There is absolutely nothing you can do about the stock price in the near term. The stock price is going to do what it is going to do. And, contrary to the assertions of some observers, today's stock price has nothing to do with the NASDAQ screwup on IPO day, a failure of your managers to aggressively "market" the stock, or any other factors. Your CEO, Mark Zuckerberg, was very clear in the IPO prospectus about your desire to focus on the long-term at the expense of the near-term. That is very admirable and wise. Too many American companies ruin themselves by managing their businesses for the near-term stock price. But unfortunately it means that, in the near-term, your stock price is going to take it in the teeth.
Sentiment: Strong Sell
Also, it is important to note that you went public at the peak of the stock price. Most of the Rocket Ride happened when you were a private company.
Sentiment: Strong Sell
At $38, FB was projected at 20 times it's current earnings. FB was touted as having almost 1 billion users. Now if we do so say that FB meets it's target and reaches it's 20x goal, it would mean 20 billion users. Does something seem wrong here? There are only 7 billion people in the world. And even at 7 billion do you REALLY believe that they all are dying to get on FB. If you research correctly you may find articles on how 2-3 of every 5 users interviewed have cancelled or do not plan to ever get onto that bandwagon. At the most there may be only about a 100 million users, if even that much. Take out of the equation about 4-6 game profile accounts per single individual, users that have pet accounts, band pages and numerous accounts for their band members, multiple accounts for developers that test the products, multiple accounts for advertisers that do not want to be recognized with different products, multiple accounts for users to check how their account looks when it is locked, etc, multiple accounts for stalkers. This is all from a first person perspective since I have sat it on meetings where these kind of cases were discussed.
FB is highly overpriced. Zuckerberg did what he needed to do, which is to hype the product out of the market and milk it out on the rest of the gullible investors when they bid without research. From here on out, his profits have been made. This product should not have been at even $100 million. It's another dot com joke who's hype was pushed down everyone's throat.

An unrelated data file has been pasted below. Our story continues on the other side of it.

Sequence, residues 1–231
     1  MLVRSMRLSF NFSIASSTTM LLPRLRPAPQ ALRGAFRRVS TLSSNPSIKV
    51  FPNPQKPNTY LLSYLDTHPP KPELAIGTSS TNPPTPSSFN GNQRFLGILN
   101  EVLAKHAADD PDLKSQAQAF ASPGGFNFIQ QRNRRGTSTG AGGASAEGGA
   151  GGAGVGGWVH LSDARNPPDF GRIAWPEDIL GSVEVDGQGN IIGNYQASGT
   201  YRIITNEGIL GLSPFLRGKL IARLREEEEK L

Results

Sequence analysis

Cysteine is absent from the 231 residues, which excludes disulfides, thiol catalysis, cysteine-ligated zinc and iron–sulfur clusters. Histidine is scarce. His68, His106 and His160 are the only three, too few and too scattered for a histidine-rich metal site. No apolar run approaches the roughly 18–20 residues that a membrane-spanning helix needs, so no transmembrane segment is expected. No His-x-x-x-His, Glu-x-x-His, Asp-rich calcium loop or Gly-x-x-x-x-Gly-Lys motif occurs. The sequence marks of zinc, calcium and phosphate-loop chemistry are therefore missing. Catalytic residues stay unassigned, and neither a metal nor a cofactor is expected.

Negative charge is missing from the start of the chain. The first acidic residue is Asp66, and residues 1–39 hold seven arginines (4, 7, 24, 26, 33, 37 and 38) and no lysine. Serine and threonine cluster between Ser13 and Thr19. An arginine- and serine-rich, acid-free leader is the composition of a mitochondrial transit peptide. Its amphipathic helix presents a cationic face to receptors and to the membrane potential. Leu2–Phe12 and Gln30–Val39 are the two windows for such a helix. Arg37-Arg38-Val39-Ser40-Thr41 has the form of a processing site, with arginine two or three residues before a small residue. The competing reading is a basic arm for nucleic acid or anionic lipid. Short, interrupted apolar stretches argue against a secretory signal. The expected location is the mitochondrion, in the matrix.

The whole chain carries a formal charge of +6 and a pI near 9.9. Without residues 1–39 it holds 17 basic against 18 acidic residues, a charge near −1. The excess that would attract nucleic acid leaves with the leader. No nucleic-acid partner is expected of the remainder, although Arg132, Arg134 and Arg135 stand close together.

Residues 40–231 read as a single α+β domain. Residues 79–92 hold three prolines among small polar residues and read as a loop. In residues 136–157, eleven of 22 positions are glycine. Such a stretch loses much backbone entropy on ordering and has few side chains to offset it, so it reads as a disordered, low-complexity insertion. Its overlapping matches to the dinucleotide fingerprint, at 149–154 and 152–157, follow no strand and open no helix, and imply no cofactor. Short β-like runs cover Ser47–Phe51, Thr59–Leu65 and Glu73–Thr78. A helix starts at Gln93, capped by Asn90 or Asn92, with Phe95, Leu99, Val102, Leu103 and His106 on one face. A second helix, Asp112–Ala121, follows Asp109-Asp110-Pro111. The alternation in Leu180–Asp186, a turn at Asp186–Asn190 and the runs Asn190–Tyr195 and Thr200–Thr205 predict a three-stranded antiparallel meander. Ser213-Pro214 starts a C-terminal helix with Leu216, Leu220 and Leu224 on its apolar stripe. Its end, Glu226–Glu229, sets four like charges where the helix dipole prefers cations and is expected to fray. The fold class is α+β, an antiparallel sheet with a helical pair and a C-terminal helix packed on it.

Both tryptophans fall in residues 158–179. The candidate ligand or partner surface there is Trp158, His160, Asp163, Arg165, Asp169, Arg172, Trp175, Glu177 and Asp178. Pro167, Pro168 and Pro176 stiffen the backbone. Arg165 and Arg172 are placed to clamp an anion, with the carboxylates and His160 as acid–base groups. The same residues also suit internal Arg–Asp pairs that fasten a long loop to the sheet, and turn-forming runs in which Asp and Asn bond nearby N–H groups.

@ My views on. I totaly agree with you and glad to read what you wrote here. I have been trying to figure out what this business model is going to do for long term financial income, it's nothing more than an air bubble. 104 Billion? how? it's like saying gmail is worth 500 billion and needs it's own IPO. I predict $3 by the end of June.
The FB community gets nothing for all the time invested in that site. People do not earn from using the product, and if anything, the community "as a whole" has no way of supporting itself while spending their valuable time on FB pages (except those that find ways of marketing products to these same dumbed down flock). A McDonalds customer gets a service and product for money spent. Even spending money on a movie ticket would have some sort of a return more than using FB (though I do not recommend those sky high prices either). Any virtual entertainment value from FB is boasting about yourself, or letting others know what you're doing, liking every minute of the day. All the tool does is make someone else rich. Congratulations if you're one of these end users for helping make that happen. I sincerely hope none of the FB users are the ones that frequent the occupy wall street or the 1 percent movement, or griping about the rich having so much, or inflation going through the wall, because if you are, here's a classic story of how it works. You are in fact making it happen when you use these kind of solutions.